linited States General Accounting Office Report to the Secretary of Defense GAO May 1990 WEAPONS TESTING DOD Needs to Plan and Conduct More Timely Operational Tests and Evaluation ’ ___---- GAOi’NSIAJNO-107 . , . united StateB GAO General &comting Offke Washington, D.C. 20648 National Security and Intemationai Affairs Division B-222886 May 17,1990 The Honorable Richard B. Cheney The Secretary of Defense Dear Mr. Secretary: The Congress continues to express concern that weapon systems have begun production without operational test and evaluation (d&E). or&E conducted before a system’s “production start-up,“’ is a key internal control to ensure that decisionmakers have the best information availa- ble on a weapon system’s performance to minimiz risks of procuring costly and ineffective systems. We identified many perceived barriers to earlier or&~. Several had been previously reported by us and other agencies, and others were identified during discussions with officials in the Office of the Secretary of Defense (OSD)and the military services. This report provides the results of our analysis of the feasibility of overcoming three major barriers that we believe will allow or&E before production start-up. The three barriers were l lack of prototypes for testing early, l starting production before development is completed-(concurrency), and l the need to start production to obtain or&~ test articles2 We recognize that other factors, such as cost, urgency, and the state of advanced technology may sometimes preclude urr~ before production start-up. However, making ora results available before production start-up could help preclude cost growth, schedule slippages, and per- formance shortfalls that frequently arise during the later phases of a weapon system’s development. Several events make the present systems acquisition environment very receptive to earlier or&~. These include (1) recent DODreports that espouse the “aggressive use of prototyping and testing ro identify and remedy problems before production,” (2) DOD’Srevisior.5 to acquisition and test and evaluation regulations current!y underway, (3) the ‘In ths report, we use the term production start-upto referto thatpointinthe acqtusition process at which a weapon system or its subsystems begin production. “Low-rate initial production [LRIP],” “limited production,” and “pilot pmductlon” are terms that the Depatunent of Defense (DOD) uses to refer to production start-up. ‘Test articles are the units of a weapon system that are used to test a weapon’s performance. Page1 GAO/NSlAD90107 OT&E 5223886 appointment of a new Director of ora, (4) the need to make critical tradeoff decisions in systems’ acquisition, and (5) DOD’S agreement, in response to our May 1989 report discussed on page 4, to reemphasize the need for or&~ as early as possible in the acquisition cycle. Several DOD and congressional initiatives to reduce risks in system acqui- Results in Brief sition and many reports have highlighted weapon system performance and testing shortfalls. Our review of six current systems plus other recent work shows that DOD has made little progress in assuring that earlier UN.E is planned and conducted. The military services generally are not conducting or planning to conduct CT&E on weapon systems until after production start-up. In our view, the barriers we examined do not preclude earlier CT&E.With proper planning, an operational test can and should be accomplished before production start-up.3 We found that although some prototypes have been used for development test and evaluation the military ser- vices generally are not planning to use them for or&~ before production start-up. We believe, however, that with adequate planning, prototypes can be designated for or&~. We also found that concurrency does not preclude earlier OTBE,if such testing is properly planned. Moreover, because test articles are available during the full-scale development phase of the acquisition process, it is generally not necessary to begin production to provide them for CT&E. Background DOD budgets over $100 billion annually for research, development, test, and evaluation and for production of major weapon systems. In view of such large sums, decisionmakers need the best information possible on weapon systems’ operational performance and risks associated with new technology before approving production start-up. CT&Eis intended to provide an independent analysis of a weapon system’s performance against operational requirements and the system’s reliability and ability to be supported in the field. %RkE before producuon start-up may be m addition to later CT&E conducted to support a full-rate producuon decision (often referred to as the “final exam”). m&E before produmon start-up i 11may be on a system or critical subsystem prototype, (2) might not meet alI requirements for effectweness or suitability, and (3) should not be viewed as a “pans/fail” test but can serve as an input to the design procw to ensure problems are addressed before a system begins production. Page 2 GAO/‘NSLA.D9@107 URkE The services are statutorily required to conduct CT&Ebefore making a full-rate production decision. DOD’scurrent test and evaluation poliw not only reflects this, but also states that “UNE shall be structured to provide inputs at each decision point, including major milestones.“5 Yet, DOD’S policy also permits production start-up before or&E is conducted. Studies of the DOD acquisition pn>cess have recommended earlier opera- tional testing, using prototypes, before production start-up. In 1986, the President’s Blue Ribbon Commission on Defense Management (the Pack- ard Commiss’ron) recommended that operational testing of prototype systems begin early in advanced development and continue through full- scale development. DOD’S recent Defense Management Review initiatives, as reflected in the July 1989 DOD Report to the President on Defense Management and the January 1990 DOD Annual Report to the President and the Congress support implementation of the Packard Commission recommendatiod, including aggressive use of prototyping and testing to identify and remedy problems “well prior to commencement of high rate production.” Over the years, we have reported on weapon system performance short- With Proper Planning, comings and the lack of adequate or&~. (See app. III.) Our work on six OT&E Before current systems plus our other recent work (see apps. I and II) has Production Start-Up Is shown that CT&Eis not being conducted until production start-up has been approved. We understand that the military services want to move Feasible weapon systems into production as quickly as possible in order to reduce the likelihood of them being canceled-a “build now and fix problems later” attitude. We believe that crr%~results have not been available to support decisions to start production because of the failure of the military services to plan for earlier CR&E and incorporate it into program acquisition strategies. The barriers often cited for or&~ not being adequately planned for or conducted before production start-up has been approved include (1) prototypes not available for testing early, (2) concurrency, and (3) the need to start production to obtain ULQE test articles. We believe that these barriers do not preclude OT&E prior to production start-up. 4~ DOD Directive 5000.3, Test and Evaluation, dated March 12,1fB6. “he milestones are: I (to dart the concept demonstration/ validation phase), II (to enter the fulLscale development phase), and III (to enter the production phase). Page 3 GAO/‘NSIAD~107 d&J3 In a recent report on test and evaluation,6 we discussed the manner in which DOD used early operational assessments. Early operational assess- ments provide input to decisionmakers on whether a weapon system is ready for the “final exam or&~” and whether operational shortfalls are being identified and corrected early in the development process. These assessments, which usually rely on development test data, are being used to support decisions for full-scale development and production start-up. We reported in May 1989 that DOD’S reliance on early opera- tional assessments when equipment is unavailable for or&~ is a step for- ward in filling the information void, but should not be a substitute for Ur&E. However, we support DOD’S current policy that calls for UME at each decision point, including major milestones, and believe that more emphasis should be given to conducting cm&~before production start-up. This or&~ should not be viewed as a pass/fail test; it would function as an input to decisionmakers to ensure that problems are identified before a system begins production. Prototypes Are Being Built Cur review has shown that even though prototypes have been built or but Not Being Used for are under construction for some systems, the services generally do not plan to use them to conduct or&~. For example, prototypes were built or OF&E under construction for five of the six systems we reviewed (the Air Force’s Advanced Tactical Fighter and Short Range Attack Missile-II, the Army’s Non-Line-Of-Sight Missile,and the Navy’s bng-Range Air Anti-Submarine Warfare Capability Aircraft and Fixed Distributed Sys- tem). However, only the Navy used or has plans to use its prototypes in or&~ before production start-up. This is because only the Navy has regu- lations calling for or&~ before production start-up. The other services’ regulations only require or&~,to support full-rate production decisions, although some field testing or experimentation may be conducted. The Navy used the Fixed Distributed System prototype to conduct or&E before production start-up. Although the Fixed Distributed System was not a mature system with a prototype available for only one of its two major subsystems, the Navy considered the or&~ results to be useful. This CJT&Ewas conducted before full-scale development. We recognize that not all systems can or should have prototypes. How- ever, o’r&~ conducted before the decision to begin production could be performed on critical subsystems if it is not feasible to have a prototype ‘Navy Weapons Testing: Defense Policy on Early OperationalTestmg (GAO/NSIAD-89-98, Maya. lf=Q), Page4 GAO/NSIMMO-107 umE of the full system. The controlling factors would be system/subsystem maturity and the expected risk. For earlier ONE to be conducted, acquisition strategy from the beginning should require that prototypes be built and operationally tested before the decision to begin production is made. This is the responsibility of acquisition managers, not operational testers. Concurrency Does Not As we have previously reported,’ concurrency can be an effective tech- Preclude OF&E Before nique for expediting acquisitions if it is well planned and controlled; however, the practice increases the risk that systems will be produced Production with major flaws. ONE before production start-up is an especially impor- tant safeguard against the increased risks of concurrent programs. On April 17,1990, DOD reported to the Congress that its policy allows varying degrees of concurrency, but mandates the completion of testing and the assessments of results before the production phase.6 Proposed concurrency guidelines call for the aggressive use of prototypes and testing to identify problems well before production. Under normal cir- cumstances, the low-rate initial production decision should be supported by the completion of some early UWE. Most DOD officials we talked with concerning earlier or&~ believe that it is feasible to conduct oral before most production start-up decisions. However, our discussions identified several factors that need to be con- sidered when CT&Eis to be conducted before the production start-up decision: . d&E must be planned as part of the system’s acquisition strategy. . Systems tested early may not meet ail requirements for suitability (i.e., reliability, availability, and maintainability). . Decisionmakers need to be told that or&~ earlier in the acquisition pro- cess should not be viewed as pass/fail; it should be viewed as a way to identify system performance shortfalls that need to be corrected before production begins. With my L&n&d Operational Test and Evalua- ‘As requested by section SO1of the National Defense Authorization Act for Fiscal Years 1990 and 1991,DODwastoreporrontherisk~withconcurrencyin~racquisitionp~ams. P8ge 6 GAO,‘NSLMM@1o7 oT&E B-222886 We believe that these factors are also important to systems that are not categorized as concurrent programs. Production Start-Up Is Production start-up is traditionally considered as a means by which test Generally Not Necessary articles are acquired for or&~. The military services usually use the term low-rate initial production to describe this. However, the Congress and for OT&E Test Articles DOD'S Inspector General have expressed concern that the services’ use of low-rate initial production has sometimes resulted in de facto full-rate production before any or&~ is conducted. To try to control the misuse of low-rate initial production, in November 1989, the Congress passed leg- islation requiring an appropriate DOD official to specify the quantities of test articles needed for or&~ in major programs to decrease the number of items produced before UIXE was conducted. We found that production start-up is generally not necessary to produce or&~ test articles. The DOD budget manual and the military services’ reg- ulations require or at least allow or&E test articles to come out of full- scale development. In addition, we identified many systems currently under development or in production where the services plan to use or have used or&~ test articles produced from full-scale development. (See app. I.) In only one of the six systems we reviewed will the UWE test articles come from a low-rate initial production decision. In that case, according to the Deputy Program Manager, the Lineof Sight-Forward- Heavy was already in production for an allied country before the U.S. Army bought it. Conclusions and Weapon systems are starting production before ora is conducted because DOD is not giving full effect to its policy for d&E at each decision Recommendations point, including major milestones. On numerous occasions we have reported the negative effects of systems that have been produced with- out adequate or&~. The barriers to earlier CWE can be overcome with better planning. To strengthen DOD'S recent reaffirmation of the proper role of CT&E as a key internal control in the systems acquisition process made through the Defense Management Review initiatives, we recommend you ensure that DOD acquisition and testing directives currently under revision l clearly establish the need for or&~ before production start-up; Page g . define when or&~ must occur and when it may be appropriate for deci- sionmakers to rely on operational assessments in lieu of 68tE for produc- tion start-up decisions, as previously recommended in our May 1989 mpofi; . require the services to plan for and conduct earlier or&~; and . ensure thatacquisition strategies for major weapon systems require sys- tem or subsystem prototypes be built where practical and that these prototypes be operationally tested before production start-up. To determine whether perceived barriers precluded early or&~, we per- Scopeand formed work at test and program oversight offices within CISD, military Methodology service headquarters, and operational test agencies, and applicable pro- gram executive and management offices. On the basis of a judgment sample drawn with direct OSD and service input, we examined six cur- rent systems and reviewed our prior and recently reported work on additional systems. (See apps. I, II, and III.) We also performed an exten- sive literature search and review of available documents on defense acquisition, testing, prototyping, and concurrency. We did not obtain written agency comments on this report. However, we discussed the information in this report with DOD officials and incorpo rated their comments as appropriate. DOD officials were very receptive to our findings and conclusions and believed that systems acquisition changes would be helpful to the or&~ community. They pointed out that Defense Management Review initiatives and the Under Secretary of Defense for Acquisition are stressing the need for earlier m&E. We conducted our work from August 1989 through February 1990 in accordance with generally accepted government auditing standards. As you know, 31 USC. 720 requires the head of a federal agency to submit a written statement on actions taken on our recommendations to the House Committee on Government Operations and the Senate Com- mittee on Governmental Affairs not later than 60 days after the date of the report. A written statement must also be submitted to the House and Senate Committees on Appropriations with the agency’s first request for appropriations made more than 60 days after the date of the report. We are sending copies of this report to the Chairmen, House Committees on Government Operations and on Armed Services and Senate Commit- tees on Governmental Affairs and on Armed Services; the Secretaries of Page 7 GAo,msL4D-90107 cm&E _ . Iv223333 the Army, Air Force, and Navy; the Director, or&~; the Deputy Director for Defense Research and Engineering/Test and Evaluation; the Direc- tor, Office of Management and Budget; and the military service opera- tional test agencies. We will also make copies available to other interested parties upon request. This report was prepared under the direction of Mr. Paul F. Math, Direc- tor, Research, Development, Acquisition, and Procurement Issues, who may be reached on (202) 27543400 if you or your staff have questions concerning the report. Major contributors to this report are listed in appendix IV. Frank C. Conahan - Assistant Comptroller General Page 8 GAO/?WAD90107 d&E Page 9 Contents Letter Appendix I 12 Cn’&ESchedulesfor Six WeaponSystems We Reviewed Appendix II Examples of Systems Noted in Our Recent Reports That Did Not Have OT&E Planned Before Production Start-Up Appendix III Examples of Reports Illustrating Where Production Decisions Were Made Before OT&E Was Started or Completed Appendix IV 18 Major Contributors to This Report Abbreviations DOD Department of Defense OSD Office of the Secretary of Defense CT&E operational test and evaluation RWR radar warning receivers Page 10 GAO/‘?USIAD9@l(yI d%E Page 11 Appendix I UP&E Schedulesfor Six WeaponSystems We Reviewed Fircrl yams lnithl m&z plod- source of ol6E teat Senfice/rystem Program 8tut decision mlcle3 AmY Lrne-of Srght-Forward-Heavy (Air Defense Antf- 1987 1990 1987b Low-rate tntttal productron Tank System) Non-Ltne-of-SrghtC (Fiber Opttc Gutded Missile) 1987 1994 1991b Full-scale development Air Force Advanced Tacttcal FrghterC 1981 1997 1994D Full-scale development Short-Range Attack Misstle-IP 1985 1992 1991b Full-scale development Navy Long-Range Anti-Submanne Warfare Advanced 1986 1992 1992b Full-scale development Capabtkty AIrcraW (P-7A) Fixed Dtstnbuted SystemC 1984 19W 19W Demonstratton/valrdatton ‘Without extensrvely revbewlng additlonal systems, we noted that several others used full-scale develop- ment stems for producmg OTIE test articles. These were MK-48 Advanced Capablrty Torpedo, Extremely Low Frequency Ccmmunicatton System, ANSCBS3C Long-Range Sonar, and Arrbcrne Setf- Protection Jammer “For low-rate inftral production ‘Prototypes have been built or planned for these systems. However, the servrces are not ptannrng to use the Non-Lrne-cf-Srght Missile. Short-Range Attack Missile-Il. and Advanced Tactrcal Ftghter protc types for OTLE. “An OTLE, such as the one descrbed In footnote 3 on page 2. was successfully conducted P8ge 12 GAO/‘NSlADB@1O7 OT’&E Appendix II Examplesof SystemsNoted in Our Recent ReportsThat Did Not Have oT&E Planned Before Production StarkUp Abrams Tank: Block II Modifications Not Ready for Production (NSIADOO-67, Feb. 28, 1990) . Army will commit %166.4 million to the MlA2 tank program before development prototype testing is begun. . OSD had not approved the Army’s test and evaluation master plan as of August 1989 because it was concerned that the Army had not suffi- ciently planned live-fire testing and or&~, which needs to be completed and evaluated before the production decision is made in August 1991. Strategic Bombers: B-2 Program Status and Current Issues (NSWQO- 120, Feb. 22,199O) l B-2 aircraft acquisition strategy includes ordering a large number of planes before the necessary testing to demonstrate that the ES-2can per- form its mission is completed. ICBM Modernization: Rail Garrison Production Decision and Launch Car Acquisition Should Be Delayed (NSLAD 90-19, Dec. 7, 1989) . No or&~ of the complete weapon system (missiles and rail cars) will have been conducted prior to the initial production decision. . We recommended that the Secretary of Defense delay the April 1990 initial Rail Garrison production decision until the Air Force has con- ducted some or&~ of the complete system. Navy Weapons Testing: Defense Policy on Early Operational Testing (NSL~D-~~-98, May 8, 1989) The following seven programs were authorized for low-rate initial pro duction with no m&E: . ALQ-165 Airborne Self-Protection Jammer. l SQS-53C Sonar. l E6A Aircraft. l MK-45 Capsule Launching System. . Ocean Surveillance Information System Baseline Upgrade. l TB-23 Accelerated Thinline Towed Array. l AN/B%‘-2 Submarine Combat System. P8ge 13 GAO,‘TUSIAD(IOlM CT&E Examplea of Syatema Noted In Chu Recent Reporta That Did Not Ibe OT&E Planned Before Reduction start-up Navy/Air Force Still Developing Separate, Costly Radar Warning Receiv- ers - (~~~~-87-167, July 1, 1987) 0 Five radar warning receivers (RWR) started production before CT&E was completed. . Starting production before adequately testing the systems has resulted in the purchase of equipment that cannot be used for its intended pur- pose, production of RWR that were placed in storage rather than installed, and deployment of RWRjudged operationally unsuitable to U.S. combat forces by testing officials. Page 14 GAO/‘NSIAD96107 OTBE Examplesof Reports Illustrating Where Production DecisionsWere Made Before OT&E Wa Started or Completed Operational Test and Evaluation Can Contribute More to Decisionmak- % (NSIAD-W-67, Dec. 23, 1986) Our analysis showed 41 cases where production was approved before or&~ was started or completed. Thirty-one of the 41 cases were identi- fied in our reports and summarized in this December 23,1986, report. The 31 reports are listed below. 1. Adverse Effects of Large-Scale Production of Major Weapons Before Completion of Development and Testing (B-163068, Nov. 19, 1970) 2. The Importance of Testing and Evaluation in the Acquisition Process for Major Weapon Systems (B-163068, Aug. 7,1972) 3. Review of the Adequacy of Department of Defense Test Resources (~~~~76-84,Apr. 30,1975) 4. Effectiveness of Testing of Selected Major Weapon Systems (FSALI-76-74,June 4,1975) 6. Need for Additional Test and Evaluation on the Major Caliber Light- weight Gun (PSAD~~, Nov. 6,1976) 6. Navy Operational Test and Evaluation - A Valuable Tool Not Fully Utilized (~~~~7877, Mar. 29,1978) 7. Operational Testing of Air Force Systems Requires Several Improve- ments (FSAD7B102, June 2,1978) 8. Department of Defense’s Conduct of Operational Test and Evaluation of Foreign Built Weapon Systems (~~~79-131, July 25, 1978) 9. Practices and Procedures for FollowOn Operational Testing and EvaI- uation of Weapon Systems by the Military Services (~~~79-1, Oct. 19, 1978) 10. Army Operational Test and Evaluation Needs Improvements (PSAD-W~,Nov. 13, 1979) 11, Ml Tank’s Reliability is Still Uncertain ( ~SAD-M-20, Jan. 29, 1980) 12. F/A-18 Naval Strike Fighter: Its Effectiveness Is Uncertain (~~~~80-24, Feb. 14, 1980) P8ge 15 GAO/m3L4B~lo7 or&E Ehmplea of Reporta Ill~tiag when RoductIon xkcblon8 were Made Before ONE WM Started or Completed 13. Cruise Missiles: Status and Issues as They Near Production (I~AD-M-19,Feb. 28, 1980) 14. Future Procurements of Army’s Copperhead Projectile Should Be Contingent on Imnrovements in Performance and Reliabilitv (ps~~81-4. Nov. 13,198O) * 15. Review of the High Speed Anti-Radiation Missile Program (MASAD~~-7,Feb. 28, 1981) 16. Some Land Attack Cruise Missiles Acquisition Programs Need to Be Slowed Down (MA&D-s 1-9, Feb. 28, 1981) 17. Most Critical Testing Still Lies Ahead for Missiles in Theater Nuclear Modernization (MASADS1-16, Mar. 2,198l) 18. The Armv’s Advance Attack HehcoDter Is Not Readv for Production (MASAD-S~~, Dec. 1,198l) 19. Air Launched Cruise Missile Shows Promise but Problems Could Result in Operational Limitations (C- b1~sm-82-13, Feb. 26,1982) 20. Promzss of the Light Armored Vehicle Program Should Be Closelv Monitored ( ~~~~-82-41, Aug. 10,1982) 2 1. Results of Production Testing Should Be Considered Before Increas- ing Patriot’s Production ( MASADS~-7, Jan. 26,1983) 22. Acquisition of the Over-The-Horizon Backscatter Radar System Should Be Reevaluated (MATADOR- 14, Mar. 15,1983) 23. The B-l Bomber Program - A New Start ( ~~~-93-21, Apr. 13, 1983) 24. Better Planning and Management of Threat Simulators and Aerial Targets Is Crucial to Effective Weapon Systems Performance (M.kSADB-27, June 23,1983) 25. Air Force and Navy Trainer Aircraft Acquisition Programs (MASADS~-22, July 5, 1983) 26. Results of Forthcoming Critical Tests Are Needed to Confirm Army Remotely Piloted Vehicle’s Readiness for Production (NSL4D-84-72, Apr. 4, 1984) Page 16 GAO/‘NSL4B90-107 OI’&E Eumpla of ReportanlMlx8tlIlgwhere Prodoetioll Deciai0M were Made Before UME Wu Stand or Completed 27. Status of the Peacekeeper (MX) Weapon System (NSLAD8e112, May 9, 1984) 28. Army’s Decision to Begin Production of the High Mobility Multipur- pose Wheeled Vehicle Was Premature (NSIAD-SM~~, June 12,1984) 29. Army Has the Opportunity to Recompete DAS3 Purchases and Improve Automated Battlefield Support ( IIITEGW20, Sept. 28, 1984) 30. Production of Some Major Weapon Systems Began With Only Limited Operational Test and Evaluation Results (NS-, June 19, 1985) 31. Evaluation of Army’s Mobile Subscriber Equipment Program (NSIAD-86-117,July 16,1985) Page 17 GAO/NSLUM@lU7 UT%E Appendix IV Major Contributors to This &port Michael E. Motley, Associate Director National Security and Lester C. Farrington, Assistant Director International Affairs Maureen Machisak-Hemdon, Evaluator Division, Washington, D.C. Fred Harrison, Regional Management Representative Norfolk Regional Leslie Gregor, Evaluator-in-Charge Office Clifton Spruill, Site Senior Julie Chapman, Evaluator Jim Marshall, Advisor Ted Baird, Regional Management Representative Denver Regional Ernest Beran, Regional Assignment Manager Office P8ge 18 GAO/‘NS~~107 OTSE There is a 33”,, diwt)unt OII ordt~rs ft,r 100 or mow copies rnaibd to a \inglt* address. United States General Accounting Office Washington, DC 20548 1 Permit No. GlOO Official Business Penalty for Private Use $300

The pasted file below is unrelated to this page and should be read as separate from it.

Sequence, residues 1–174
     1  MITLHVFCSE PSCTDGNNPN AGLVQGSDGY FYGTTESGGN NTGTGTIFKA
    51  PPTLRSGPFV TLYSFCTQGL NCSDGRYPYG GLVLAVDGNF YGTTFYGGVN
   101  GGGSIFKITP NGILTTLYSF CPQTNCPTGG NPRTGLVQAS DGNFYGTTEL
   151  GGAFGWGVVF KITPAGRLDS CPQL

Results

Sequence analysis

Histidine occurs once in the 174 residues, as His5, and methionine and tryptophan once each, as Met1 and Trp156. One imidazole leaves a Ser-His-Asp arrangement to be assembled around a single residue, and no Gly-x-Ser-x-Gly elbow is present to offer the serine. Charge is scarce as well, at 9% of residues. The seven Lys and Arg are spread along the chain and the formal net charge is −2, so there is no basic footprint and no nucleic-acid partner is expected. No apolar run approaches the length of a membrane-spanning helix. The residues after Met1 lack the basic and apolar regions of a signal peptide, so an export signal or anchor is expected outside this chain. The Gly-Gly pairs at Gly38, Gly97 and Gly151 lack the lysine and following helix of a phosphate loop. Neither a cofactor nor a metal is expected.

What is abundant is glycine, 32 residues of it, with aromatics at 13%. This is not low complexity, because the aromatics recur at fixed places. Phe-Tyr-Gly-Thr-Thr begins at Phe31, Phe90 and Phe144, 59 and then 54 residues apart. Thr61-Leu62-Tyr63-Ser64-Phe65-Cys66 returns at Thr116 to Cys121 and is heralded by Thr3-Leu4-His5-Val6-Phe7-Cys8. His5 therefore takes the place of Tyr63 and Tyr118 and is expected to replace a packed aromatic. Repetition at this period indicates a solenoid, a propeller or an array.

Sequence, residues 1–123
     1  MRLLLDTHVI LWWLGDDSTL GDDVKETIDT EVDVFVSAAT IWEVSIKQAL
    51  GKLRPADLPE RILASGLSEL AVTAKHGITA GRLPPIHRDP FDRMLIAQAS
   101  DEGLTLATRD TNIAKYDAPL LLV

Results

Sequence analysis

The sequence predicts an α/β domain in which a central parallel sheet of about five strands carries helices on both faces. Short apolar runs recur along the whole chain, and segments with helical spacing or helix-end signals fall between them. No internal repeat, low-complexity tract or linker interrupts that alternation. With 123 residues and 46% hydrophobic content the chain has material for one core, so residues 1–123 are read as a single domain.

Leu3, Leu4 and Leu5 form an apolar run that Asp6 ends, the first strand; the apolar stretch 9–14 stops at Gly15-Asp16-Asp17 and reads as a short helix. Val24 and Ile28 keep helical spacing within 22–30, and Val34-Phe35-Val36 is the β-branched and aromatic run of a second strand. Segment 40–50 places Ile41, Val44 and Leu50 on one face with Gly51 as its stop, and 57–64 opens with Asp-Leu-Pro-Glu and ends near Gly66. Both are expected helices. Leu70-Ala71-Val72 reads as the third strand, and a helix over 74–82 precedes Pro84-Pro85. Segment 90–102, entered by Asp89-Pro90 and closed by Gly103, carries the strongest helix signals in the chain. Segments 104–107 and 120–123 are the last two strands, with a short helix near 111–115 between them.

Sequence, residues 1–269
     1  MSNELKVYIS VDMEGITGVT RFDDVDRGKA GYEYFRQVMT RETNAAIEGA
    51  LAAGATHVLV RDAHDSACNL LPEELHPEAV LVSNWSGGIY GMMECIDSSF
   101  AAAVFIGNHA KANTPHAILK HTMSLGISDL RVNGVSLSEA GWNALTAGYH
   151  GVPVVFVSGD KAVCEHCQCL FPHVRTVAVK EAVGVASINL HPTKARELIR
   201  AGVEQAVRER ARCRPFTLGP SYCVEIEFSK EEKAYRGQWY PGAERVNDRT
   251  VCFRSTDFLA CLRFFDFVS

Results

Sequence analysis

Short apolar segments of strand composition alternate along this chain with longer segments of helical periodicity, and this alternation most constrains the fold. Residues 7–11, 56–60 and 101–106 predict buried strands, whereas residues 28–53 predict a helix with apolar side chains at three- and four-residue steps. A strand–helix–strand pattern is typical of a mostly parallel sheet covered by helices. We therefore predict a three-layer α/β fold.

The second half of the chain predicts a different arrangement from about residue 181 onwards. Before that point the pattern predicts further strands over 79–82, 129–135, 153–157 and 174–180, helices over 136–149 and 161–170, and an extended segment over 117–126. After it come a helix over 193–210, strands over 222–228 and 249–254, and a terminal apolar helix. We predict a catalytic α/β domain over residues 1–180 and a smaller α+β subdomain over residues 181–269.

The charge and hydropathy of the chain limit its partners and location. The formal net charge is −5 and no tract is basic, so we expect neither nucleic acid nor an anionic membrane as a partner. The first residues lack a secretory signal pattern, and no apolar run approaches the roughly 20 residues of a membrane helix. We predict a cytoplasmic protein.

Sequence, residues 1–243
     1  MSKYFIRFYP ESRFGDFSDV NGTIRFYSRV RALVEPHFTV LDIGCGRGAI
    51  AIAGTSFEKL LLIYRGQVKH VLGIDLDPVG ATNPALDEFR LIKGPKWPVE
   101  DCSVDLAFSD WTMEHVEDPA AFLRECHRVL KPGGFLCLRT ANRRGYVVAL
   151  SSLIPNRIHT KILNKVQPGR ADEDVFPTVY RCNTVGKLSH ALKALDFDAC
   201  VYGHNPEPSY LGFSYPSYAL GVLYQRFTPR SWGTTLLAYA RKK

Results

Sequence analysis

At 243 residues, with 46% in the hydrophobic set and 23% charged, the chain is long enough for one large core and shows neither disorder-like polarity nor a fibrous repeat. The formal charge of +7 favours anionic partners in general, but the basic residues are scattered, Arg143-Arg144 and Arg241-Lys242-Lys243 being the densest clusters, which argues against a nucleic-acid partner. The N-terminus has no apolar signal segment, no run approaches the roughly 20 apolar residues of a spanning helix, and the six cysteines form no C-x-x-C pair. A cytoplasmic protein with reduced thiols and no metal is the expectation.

Weapons Testing: DOD Needs to Plan and Conduct More Timely Operational Tests and Evaluation
Published by the Government Accountability Office on 1990-05-17.